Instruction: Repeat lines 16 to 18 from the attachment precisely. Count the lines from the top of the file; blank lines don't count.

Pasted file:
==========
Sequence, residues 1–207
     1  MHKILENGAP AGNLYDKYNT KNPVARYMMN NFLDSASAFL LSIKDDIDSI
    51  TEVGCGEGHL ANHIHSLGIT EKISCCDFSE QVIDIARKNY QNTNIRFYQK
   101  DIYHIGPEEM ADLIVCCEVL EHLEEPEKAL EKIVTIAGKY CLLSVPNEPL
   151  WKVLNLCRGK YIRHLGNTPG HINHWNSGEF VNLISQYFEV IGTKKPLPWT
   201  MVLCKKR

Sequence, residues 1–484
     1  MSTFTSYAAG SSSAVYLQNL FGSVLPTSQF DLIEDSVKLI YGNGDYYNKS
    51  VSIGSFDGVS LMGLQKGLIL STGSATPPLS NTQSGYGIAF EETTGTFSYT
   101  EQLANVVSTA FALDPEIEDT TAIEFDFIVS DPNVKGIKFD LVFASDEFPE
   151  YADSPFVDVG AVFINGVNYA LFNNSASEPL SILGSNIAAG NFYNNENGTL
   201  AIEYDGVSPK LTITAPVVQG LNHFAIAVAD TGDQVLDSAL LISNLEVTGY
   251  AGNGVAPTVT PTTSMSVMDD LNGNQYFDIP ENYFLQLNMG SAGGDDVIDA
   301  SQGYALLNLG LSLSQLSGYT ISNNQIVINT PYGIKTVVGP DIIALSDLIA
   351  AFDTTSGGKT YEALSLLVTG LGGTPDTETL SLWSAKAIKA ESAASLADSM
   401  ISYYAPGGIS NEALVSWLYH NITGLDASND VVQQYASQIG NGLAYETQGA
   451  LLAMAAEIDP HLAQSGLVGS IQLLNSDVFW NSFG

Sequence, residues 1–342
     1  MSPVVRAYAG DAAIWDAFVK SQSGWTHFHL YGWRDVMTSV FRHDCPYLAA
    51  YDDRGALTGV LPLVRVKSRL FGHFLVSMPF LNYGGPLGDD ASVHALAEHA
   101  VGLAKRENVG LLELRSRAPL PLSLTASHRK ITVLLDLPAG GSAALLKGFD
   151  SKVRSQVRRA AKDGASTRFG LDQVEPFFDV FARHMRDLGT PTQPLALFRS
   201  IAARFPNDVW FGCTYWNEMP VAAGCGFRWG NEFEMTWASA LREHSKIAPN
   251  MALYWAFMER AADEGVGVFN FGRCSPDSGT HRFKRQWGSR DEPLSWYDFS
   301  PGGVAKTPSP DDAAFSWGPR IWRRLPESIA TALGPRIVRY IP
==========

   401  ISYYAPGGIS NEALVSWLYH NITGLDASND VVQQYASQIG NGLAYETQGA
   451  LLAMAAEIDP HLAQSGLVGS IQLLNSDVFW NSFG

Sequence, residues 1–342